“Anyone with a turban and a beard must be Osama bin Laden and these cases reveal that both Muslim and Sikh bigotry go hand in hand,” he told Al Jazeera describing sporadic cases where the Sikh elderly have been attacked and cab drivers have had people calling them names and thinking they are terrorists.

Michael German, a former FBI agent says there is a long and unfortunate history of white supremacist violence in this country, targeting a wide array of minority communities.

“A recent study by the Combating Terrorism Center at West Point revealed that annual fatalities caused by violence from far right extremists typically exceed those caused by other groups,” said German, who is a fellow at Brennan Center for Justice at NYU Law School and a former senior policy counsel.

“But this data should be taken in context. Only a small minority of those holding white supremacist views ever engages in violence, and the number of fatalities from politically motivated violence is still just a tiny fraction of the more than 14,000 homicides committed in this country each year,” he added.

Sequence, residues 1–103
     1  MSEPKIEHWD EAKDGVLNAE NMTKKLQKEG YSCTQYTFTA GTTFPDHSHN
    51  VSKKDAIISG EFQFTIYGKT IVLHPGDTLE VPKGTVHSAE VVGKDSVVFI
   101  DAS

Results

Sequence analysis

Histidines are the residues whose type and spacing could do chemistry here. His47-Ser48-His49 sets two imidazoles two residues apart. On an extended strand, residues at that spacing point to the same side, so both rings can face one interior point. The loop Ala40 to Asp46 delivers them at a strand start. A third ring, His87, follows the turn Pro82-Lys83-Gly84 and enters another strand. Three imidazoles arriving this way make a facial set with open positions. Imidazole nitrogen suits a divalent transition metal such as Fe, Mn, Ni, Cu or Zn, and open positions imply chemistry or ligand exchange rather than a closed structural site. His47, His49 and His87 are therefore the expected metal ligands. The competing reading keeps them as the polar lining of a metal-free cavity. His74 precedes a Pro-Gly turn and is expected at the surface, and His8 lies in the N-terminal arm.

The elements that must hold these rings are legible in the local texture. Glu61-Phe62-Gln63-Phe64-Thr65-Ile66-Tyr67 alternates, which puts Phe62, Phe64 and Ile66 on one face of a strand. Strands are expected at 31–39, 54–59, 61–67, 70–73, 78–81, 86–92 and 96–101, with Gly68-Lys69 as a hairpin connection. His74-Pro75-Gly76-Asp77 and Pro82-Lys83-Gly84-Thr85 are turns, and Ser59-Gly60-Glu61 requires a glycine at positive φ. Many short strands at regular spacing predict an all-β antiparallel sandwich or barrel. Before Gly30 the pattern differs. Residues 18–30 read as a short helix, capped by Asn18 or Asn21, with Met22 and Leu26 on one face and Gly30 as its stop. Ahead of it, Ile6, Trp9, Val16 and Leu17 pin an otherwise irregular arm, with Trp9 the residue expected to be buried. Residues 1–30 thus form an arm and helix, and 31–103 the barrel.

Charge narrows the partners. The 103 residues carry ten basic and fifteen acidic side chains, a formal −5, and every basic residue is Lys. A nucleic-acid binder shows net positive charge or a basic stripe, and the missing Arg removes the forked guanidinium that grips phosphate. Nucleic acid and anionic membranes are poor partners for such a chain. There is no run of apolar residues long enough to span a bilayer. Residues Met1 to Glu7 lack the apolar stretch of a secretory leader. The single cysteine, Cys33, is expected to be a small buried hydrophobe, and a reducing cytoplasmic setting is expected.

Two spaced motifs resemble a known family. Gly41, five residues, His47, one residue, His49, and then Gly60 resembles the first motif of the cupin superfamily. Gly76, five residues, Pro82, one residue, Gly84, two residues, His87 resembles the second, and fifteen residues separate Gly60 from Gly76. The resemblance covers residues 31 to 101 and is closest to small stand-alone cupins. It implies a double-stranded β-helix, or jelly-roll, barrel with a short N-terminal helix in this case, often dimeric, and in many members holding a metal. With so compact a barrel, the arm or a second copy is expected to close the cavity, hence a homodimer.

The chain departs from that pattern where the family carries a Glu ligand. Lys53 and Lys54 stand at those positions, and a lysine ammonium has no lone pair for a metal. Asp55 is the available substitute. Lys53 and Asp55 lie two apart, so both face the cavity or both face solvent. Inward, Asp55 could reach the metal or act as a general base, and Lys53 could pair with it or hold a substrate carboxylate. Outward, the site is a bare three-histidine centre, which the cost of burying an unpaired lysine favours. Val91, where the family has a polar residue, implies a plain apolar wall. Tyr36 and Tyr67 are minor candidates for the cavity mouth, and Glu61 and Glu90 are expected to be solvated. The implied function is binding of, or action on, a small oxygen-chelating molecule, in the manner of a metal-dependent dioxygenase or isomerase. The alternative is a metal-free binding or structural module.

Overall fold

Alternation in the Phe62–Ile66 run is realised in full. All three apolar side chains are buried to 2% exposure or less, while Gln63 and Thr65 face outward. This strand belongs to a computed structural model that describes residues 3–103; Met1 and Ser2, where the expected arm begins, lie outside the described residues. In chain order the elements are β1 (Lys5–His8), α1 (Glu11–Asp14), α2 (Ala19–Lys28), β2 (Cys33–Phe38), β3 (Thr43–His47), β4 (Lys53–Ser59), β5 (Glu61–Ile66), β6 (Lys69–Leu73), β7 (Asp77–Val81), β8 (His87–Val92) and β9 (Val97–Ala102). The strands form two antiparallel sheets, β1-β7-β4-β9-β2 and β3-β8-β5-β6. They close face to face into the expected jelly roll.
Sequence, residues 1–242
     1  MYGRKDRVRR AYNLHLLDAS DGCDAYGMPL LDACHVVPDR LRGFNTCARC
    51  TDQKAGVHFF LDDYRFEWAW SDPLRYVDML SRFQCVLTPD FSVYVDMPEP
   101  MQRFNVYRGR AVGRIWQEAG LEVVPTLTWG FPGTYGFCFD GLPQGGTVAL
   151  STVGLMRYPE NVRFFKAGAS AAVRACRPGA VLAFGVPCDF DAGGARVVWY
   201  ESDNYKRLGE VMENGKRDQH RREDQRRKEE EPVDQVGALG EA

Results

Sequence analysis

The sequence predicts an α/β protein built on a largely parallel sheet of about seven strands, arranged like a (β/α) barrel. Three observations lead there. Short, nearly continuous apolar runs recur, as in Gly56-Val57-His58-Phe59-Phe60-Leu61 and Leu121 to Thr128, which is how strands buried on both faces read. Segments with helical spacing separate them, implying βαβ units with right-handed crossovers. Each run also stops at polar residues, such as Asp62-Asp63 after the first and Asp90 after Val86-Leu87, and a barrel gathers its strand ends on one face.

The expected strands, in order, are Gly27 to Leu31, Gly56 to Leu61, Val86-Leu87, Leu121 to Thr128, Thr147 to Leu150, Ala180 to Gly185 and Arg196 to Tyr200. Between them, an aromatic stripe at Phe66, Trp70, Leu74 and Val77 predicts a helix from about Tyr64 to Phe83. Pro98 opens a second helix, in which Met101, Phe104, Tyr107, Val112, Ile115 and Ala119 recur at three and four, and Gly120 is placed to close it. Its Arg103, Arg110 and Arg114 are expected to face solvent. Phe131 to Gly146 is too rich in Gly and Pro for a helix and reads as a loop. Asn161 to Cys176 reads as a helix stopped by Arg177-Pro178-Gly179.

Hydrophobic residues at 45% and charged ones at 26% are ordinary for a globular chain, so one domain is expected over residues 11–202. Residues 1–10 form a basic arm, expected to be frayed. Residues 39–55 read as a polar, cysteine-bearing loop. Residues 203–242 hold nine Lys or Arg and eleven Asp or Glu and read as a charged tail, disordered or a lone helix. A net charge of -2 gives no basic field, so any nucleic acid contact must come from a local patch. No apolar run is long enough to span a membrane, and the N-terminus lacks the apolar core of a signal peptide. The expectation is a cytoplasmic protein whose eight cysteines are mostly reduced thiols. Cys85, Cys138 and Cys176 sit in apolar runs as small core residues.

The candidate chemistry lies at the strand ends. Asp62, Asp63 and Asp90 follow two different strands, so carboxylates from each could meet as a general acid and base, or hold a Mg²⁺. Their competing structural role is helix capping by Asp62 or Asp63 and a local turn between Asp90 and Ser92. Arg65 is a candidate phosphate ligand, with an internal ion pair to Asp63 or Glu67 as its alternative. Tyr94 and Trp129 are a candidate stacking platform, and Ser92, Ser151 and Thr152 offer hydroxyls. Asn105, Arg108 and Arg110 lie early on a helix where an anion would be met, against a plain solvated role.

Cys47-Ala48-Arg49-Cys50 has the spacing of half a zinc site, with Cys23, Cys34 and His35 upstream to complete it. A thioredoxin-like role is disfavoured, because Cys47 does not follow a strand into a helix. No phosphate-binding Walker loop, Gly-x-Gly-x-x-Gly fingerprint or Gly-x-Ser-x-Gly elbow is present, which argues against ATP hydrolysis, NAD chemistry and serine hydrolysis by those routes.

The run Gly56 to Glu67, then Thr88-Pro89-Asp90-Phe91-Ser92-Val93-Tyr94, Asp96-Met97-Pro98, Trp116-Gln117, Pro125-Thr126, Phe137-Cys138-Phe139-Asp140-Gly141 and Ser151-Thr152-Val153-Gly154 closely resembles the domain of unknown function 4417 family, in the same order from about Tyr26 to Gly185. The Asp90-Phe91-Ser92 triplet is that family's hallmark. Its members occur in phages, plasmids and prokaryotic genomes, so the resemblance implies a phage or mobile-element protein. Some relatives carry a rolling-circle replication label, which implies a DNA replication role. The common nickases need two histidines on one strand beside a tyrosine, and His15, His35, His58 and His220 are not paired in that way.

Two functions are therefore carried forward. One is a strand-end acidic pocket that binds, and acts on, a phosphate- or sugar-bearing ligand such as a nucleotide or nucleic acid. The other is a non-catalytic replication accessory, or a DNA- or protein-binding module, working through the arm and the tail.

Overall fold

Still, he said, the data does raise questions as to why the government tends to view politically motivated violence against minority groups, which it calls “hate crimes” differently from politically motivated violence committed by minorities, which it calls “terrorism”.

Follow Purvi Thacker on Twitter @purvi21

Source: Al Jazeera